Ronald Ross discovered Plasmodium (the protozoan that causes malaria) in the female Anopheles mosquito and showed the mosquito transmits the disease agent from one person to another.

1900 Walter Reed established that yellow fever is transmitted by mosquitoes, the first time a human disease was shown to be caused by a virus.


1900 Mendel’s work was rediscovered by three scientists – Hugo de Vries, Erich Von Tschermak, and Carl Correns.

William Sutton observed homologous pairs of chromosomes in grasshopper cells.

1904 William Bateson introduced the concept of now known ‘ gene linkage’ and ‘genetic maps’ that describe the order of the linked genes.

1907 Thomas Hunt Morgan in his work with fruit flies proved that chromosomes have a definite function in heredity, established mutation theory and led to a fundamental understanding of the mechanisms of heredity.

1908 BCG vaccine against TB was developed.

A.E. Garrod described “inborn errors of metabolism”

1928 Fredrick Griffiths noticed that a rough type of bacterium changed to a smooth type and discovered Transformation.

1935 Stanley crystallized TMV.

1936 Stanley isolated nucleic acids from TMV.

1939 Gautheret cultivated carrot callus cultivars.

1940-1945 Large scale production of penicillin was achieved.

1941 “One gene on enzyme” hypothesis by Beadle and Tatum.

1944 Avery, McCarty and MacLeod determined that DNA is the hereditary material inherited in transformation.

1951 Esther M. Lederberg discovered lambda phage.

1952 Zinder and Heidelberg discovered Transduction process.

1953 Watson and Crick proposed the double stranded, helical complementary, anti-parallel model for DNA.


1953 Gey developed the HeLa human cell line.

1957 Francis crick and George Gamov worked out the “central dogma”, explaining new DNA functions to make protein.

1958 Kornberg discovered and isolated DNA polymerase, which became the first enzyme for DNA manipulation in vitro.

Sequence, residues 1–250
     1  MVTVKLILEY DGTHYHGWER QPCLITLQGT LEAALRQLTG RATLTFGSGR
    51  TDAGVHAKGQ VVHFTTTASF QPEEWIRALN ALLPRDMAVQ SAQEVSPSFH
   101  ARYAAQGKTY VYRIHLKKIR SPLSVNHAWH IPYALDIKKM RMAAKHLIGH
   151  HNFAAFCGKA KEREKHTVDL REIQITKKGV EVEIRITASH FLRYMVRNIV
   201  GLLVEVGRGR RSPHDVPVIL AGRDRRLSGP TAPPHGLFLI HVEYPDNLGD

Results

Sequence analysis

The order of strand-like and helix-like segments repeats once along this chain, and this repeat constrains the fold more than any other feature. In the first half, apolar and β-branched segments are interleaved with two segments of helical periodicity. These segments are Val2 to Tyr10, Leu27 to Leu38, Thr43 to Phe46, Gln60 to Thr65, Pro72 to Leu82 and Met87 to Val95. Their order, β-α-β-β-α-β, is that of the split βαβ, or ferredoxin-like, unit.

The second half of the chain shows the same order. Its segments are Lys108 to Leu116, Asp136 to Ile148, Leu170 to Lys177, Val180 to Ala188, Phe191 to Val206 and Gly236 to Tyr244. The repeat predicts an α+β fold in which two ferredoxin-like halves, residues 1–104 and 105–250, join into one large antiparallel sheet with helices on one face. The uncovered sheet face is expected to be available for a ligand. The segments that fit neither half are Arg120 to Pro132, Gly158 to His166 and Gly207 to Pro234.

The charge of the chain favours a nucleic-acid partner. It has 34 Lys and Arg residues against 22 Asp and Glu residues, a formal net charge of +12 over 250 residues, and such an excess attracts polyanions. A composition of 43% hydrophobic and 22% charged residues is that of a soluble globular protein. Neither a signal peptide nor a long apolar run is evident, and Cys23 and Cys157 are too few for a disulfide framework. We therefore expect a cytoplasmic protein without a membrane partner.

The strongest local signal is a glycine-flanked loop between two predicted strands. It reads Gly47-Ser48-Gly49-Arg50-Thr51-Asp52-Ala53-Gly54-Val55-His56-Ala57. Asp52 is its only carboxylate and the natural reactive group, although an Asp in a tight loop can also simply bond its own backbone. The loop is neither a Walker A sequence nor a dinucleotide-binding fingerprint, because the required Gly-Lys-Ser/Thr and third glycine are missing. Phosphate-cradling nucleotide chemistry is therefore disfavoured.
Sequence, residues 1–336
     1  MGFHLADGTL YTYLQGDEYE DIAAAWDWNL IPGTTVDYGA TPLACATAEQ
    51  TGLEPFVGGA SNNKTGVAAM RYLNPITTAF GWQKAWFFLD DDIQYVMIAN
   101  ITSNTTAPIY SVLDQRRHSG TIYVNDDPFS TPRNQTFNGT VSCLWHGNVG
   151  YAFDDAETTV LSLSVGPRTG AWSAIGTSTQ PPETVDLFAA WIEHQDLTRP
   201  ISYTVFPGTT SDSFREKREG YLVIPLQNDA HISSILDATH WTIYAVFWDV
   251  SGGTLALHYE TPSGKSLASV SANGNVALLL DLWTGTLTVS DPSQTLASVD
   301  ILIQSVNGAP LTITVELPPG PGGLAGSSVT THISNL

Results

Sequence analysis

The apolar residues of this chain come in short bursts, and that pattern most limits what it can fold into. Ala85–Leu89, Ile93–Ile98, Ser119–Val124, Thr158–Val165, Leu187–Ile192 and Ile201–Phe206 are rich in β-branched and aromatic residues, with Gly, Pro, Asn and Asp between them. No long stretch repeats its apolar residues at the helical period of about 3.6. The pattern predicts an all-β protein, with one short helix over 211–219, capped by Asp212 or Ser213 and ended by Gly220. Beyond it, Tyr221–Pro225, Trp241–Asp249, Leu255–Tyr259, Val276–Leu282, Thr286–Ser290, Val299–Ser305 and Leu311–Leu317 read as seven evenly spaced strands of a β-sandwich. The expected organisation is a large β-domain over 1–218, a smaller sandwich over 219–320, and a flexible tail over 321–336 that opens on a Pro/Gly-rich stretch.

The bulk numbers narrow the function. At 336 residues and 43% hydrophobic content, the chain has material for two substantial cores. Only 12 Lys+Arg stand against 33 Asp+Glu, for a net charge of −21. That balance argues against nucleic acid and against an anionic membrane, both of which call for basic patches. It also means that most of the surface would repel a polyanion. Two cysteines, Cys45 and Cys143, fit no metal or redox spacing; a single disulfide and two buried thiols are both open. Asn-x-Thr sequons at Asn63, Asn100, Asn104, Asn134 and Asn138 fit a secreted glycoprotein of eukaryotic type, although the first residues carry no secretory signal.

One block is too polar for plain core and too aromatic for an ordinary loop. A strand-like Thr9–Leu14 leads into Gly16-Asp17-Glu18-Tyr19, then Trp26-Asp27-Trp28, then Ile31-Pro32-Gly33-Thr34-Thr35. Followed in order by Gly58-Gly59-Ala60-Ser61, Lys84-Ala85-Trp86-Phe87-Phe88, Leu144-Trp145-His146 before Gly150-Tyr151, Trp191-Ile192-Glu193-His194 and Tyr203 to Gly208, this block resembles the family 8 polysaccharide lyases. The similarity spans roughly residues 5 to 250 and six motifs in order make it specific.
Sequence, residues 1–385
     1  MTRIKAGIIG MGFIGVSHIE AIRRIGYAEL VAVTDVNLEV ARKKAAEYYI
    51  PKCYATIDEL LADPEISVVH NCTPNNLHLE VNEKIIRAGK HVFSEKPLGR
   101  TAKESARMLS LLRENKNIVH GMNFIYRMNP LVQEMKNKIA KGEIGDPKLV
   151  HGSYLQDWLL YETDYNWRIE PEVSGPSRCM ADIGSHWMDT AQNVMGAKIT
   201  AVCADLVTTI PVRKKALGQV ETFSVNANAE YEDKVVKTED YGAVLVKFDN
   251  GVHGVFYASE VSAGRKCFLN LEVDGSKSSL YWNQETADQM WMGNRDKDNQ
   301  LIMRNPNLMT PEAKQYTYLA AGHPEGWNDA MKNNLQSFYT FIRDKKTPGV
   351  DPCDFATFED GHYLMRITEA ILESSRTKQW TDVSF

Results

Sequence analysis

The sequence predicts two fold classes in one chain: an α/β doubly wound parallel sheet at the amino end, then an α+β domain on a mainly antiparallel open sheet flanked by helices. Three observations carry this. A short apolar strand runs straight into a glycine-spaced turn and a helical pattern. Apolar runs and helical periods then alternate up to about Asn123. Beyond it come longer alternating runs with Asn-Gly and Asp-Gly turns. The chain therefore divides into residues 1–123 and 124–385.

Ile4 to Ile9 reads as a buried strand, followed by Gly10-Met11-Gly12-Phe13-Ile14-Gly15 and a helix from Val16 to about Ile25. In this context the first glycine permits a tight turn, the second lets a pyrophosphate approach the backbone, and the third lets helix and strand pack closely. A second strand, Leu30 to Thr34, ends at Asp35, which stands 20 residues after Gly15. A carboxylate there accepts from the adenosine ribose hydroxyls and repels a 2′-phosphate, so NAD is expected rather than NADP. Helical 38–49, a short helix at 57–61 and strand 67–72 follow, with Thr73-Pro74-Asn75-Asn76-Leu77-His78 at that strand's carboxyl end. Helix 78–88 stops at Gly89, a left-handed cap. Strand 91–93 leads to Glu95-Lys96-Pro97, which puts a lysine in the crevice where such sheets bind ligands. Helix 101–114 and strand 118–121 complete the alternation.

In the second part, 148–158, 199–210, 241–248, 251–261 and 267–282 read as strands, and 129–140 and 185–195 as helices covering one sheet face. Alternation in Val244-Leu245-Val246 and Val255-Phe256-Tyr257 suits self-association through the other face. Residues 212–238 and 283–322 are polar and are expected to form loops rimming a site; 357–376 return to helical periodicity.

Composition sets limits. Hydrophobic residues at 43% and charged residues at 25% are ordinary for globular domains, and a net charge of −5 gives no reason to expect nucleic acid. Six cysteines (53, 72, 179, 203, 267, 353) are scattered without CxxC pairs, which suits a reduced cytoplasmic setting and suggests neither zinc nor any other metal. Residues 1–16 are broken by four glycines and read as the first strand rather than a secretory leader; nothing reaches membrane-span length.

1962 Watson and crick shared the 1962 Nobel Prize for Physiology and Medicine with Maurice Wilkins.

1966 The genetic code was “cracked”. Marshall Nierenberg, Heinrich Mathaei, and Ochoa demonstrated that a sequence of three nucleotide bases (codon) determines each of 20 amino acids.

1967 Many Weiss and Howard Green developed somatic cell hybridization where human cells and mouse cells were grown together in one culture.

1970 Howard Terrion and David Baltimore, working independently, first isolated “reverse transcriptase”.

1972 Paul Berg isolated and employed a restriction enzyme to cut DNA; he used ligase to join two DNA strands together to form a hybrid circular molecule. This was the first recombinant DNA molecule.

1973 Bruce Ames developed Ames test to identify carcinogenic substances.

1975 Kohler and Milstein fused cells together to produce monoclonal antibodies.

1976 Herbert Boyer and Robert Swanson founded Genetech, Inc., a biotechnology company dedicated to developing and marketing products based on recombinant DNA technology.


1977 Genentech, Inc, reports the production of the first human protein manufactured in a bacteria: somatostatin, a human growth hormone factor.

Maxam and Gilbert devised a method for sequencing DNA using chemicals.

1978 Genetech, Inc, and the City of Hope National Medical center announced the successful laboratory production of human insulin using recombinant DNA technology.

1979 John Baxter reported cloning the gene for human growth hormone.